Coverage of Tiger Woods’ ‘accident’ ignores reality in favor of reverence

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When is much too much still not enough?

In the continuing case of the media vs. common sense, as per the latest Tiger Woods episode, the media have widened a chasm the public can’t bridge. The long-ago vanquished honesty in addressing Woods has only confirmed that the media’s disregard for conspicuous truths continue to cultivate the public’s rotten faith.

If we read or hear one more time that Woods, following at least his third rotten-driving escapade, is “lucky to be alive,” I’m going to retch. Woods’ good fortune instead again lies in the fact he hasn’t killed anyone, including himself.

Lucky? At least twice while driving after taking prescription drugs, he was lucky to have not committed vehicular homicide — in 2009 and 2017.

His 2009 physical hassle with his ex-wife after her discovery of his infidelity culminated with a car “accident” after he’d ingested the strong prescription sedative Ambien. Yet he escaped a DUI charge.

This time, despite official reports that he was speeding as he crossed the center median, leaving no skid marks to indicate that he applied his brakes, then rolled up an embankment, has already been determined “an accident,” the media again portrayed Woods an innocent victim of fate to which he claimed no memory.

The truth, thus far, is that he crashed his vehicle. A civil court judge once explained to me the difference between a crash and an accident. Big difference. The preliminary evidence shows it wasn’t an accident, as caused by unlucky fate as the New York Times reported, but this was the result of his flagrantly reckless driving — even if no drugs were involved this time.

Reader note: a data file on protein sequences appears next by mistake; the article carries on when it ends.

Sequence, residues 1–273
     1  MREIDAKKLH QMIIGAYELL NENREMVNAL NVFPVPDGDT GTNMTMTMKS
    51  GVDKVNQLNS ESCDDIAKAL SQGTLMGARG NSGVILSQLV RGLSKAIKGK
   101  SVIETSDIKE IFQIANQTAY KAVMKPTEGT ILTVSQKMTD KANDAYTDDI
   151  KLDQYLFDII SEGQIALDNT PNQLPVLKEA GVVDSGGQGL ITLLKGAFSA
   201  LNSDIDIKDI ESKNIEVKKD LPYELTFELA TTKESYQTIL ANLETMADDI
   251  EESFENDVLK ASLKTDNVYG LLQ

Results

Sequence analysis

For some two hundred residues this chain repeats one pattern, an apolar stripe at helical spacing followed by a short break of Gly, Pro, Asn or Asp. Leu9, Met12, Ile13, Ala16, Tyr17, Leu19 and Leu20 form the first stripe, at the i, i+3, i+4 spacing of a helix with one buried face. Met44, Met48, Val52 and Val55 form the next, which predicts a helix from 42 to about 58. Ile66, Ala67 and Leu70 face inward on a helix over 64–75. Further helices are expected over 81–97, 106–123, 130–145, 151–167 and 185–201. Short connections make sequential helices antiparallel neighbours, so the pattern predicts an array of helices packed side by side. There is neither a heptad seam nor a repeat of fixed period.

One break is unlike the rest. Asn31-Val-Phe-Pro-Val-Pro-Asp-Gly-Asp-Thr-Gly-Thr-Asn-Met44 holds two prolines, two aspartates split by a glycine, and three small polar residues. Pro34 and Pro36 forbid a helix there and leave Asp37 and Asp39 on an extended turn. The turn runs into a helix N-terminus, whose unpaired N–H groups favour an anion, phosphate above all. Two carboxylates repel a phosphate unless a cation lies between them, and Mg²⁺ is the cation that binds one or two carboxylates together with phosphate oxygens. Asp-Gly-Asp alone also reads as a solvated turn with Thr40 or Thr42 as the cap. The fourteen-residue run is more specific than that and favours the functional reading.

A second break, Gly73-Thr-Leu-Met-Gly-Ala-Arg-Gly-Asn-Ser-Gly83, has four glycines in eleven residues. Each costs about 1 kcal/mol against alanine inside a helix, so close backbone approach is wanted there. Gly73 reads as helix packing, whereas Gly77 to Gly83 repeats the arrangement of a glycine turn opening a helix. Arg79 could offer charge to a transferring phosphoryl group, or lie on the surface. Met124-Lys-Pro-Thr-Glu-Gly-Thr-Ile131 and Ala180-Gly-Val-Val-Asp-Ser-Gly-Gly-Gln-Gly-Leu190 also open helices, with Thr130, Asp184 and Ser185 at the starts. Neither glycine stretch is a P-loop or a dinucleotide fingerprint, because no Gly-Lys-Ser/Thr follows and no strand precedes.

Facts have rarely been applied to Woods. As the media-anointed world’s greatest human — it was never enough that he was the world’s greatest golfer — he’s entitled to be bathed in unconditional glory, heroism and sympathy.

Has anyone’s serious transgressions been indulged or ignored as much as his? In 2017, when loaded on prescription painkillers and found by police in his car, semiconscious on the wrong side of the road, he was a sympathetic media figure despite pleading guilty to reckless driving. His bad back excused him.

And so, with his finest-husband label removed, he returned to being the finest son, father and human atop life’s leaderboard, a fiction known to viewers and readers as it was mass-produced by pandering, gushing, and intentionally blind media.

His far flung, expensive amateur career — no agents allowed by rules — was an obvious loop-holed, unsavory business deal, as his father was paid as an IMG “Talent Scout,” scouting only his son until he turned pro then immediately delivered to IMG. Two days later he was in commercials for Nike. Obviously, the contract was already done.

Though he’d previously insisted that he not be considered “a black golfer,” in his first Nike ad he portrayed himself as a victim of racism, claiming there are courses he’s not allowed to play. Which ones? He didn’t name any. He was the most privileged amateur in golf history.

In 1997 Woods jetted off to play a small tournament in Thailand, an act the media celebrated as paying honor to his Thai mother. The $480,000 appearance fee he commanded? Why ruin a sweet story with significant facts?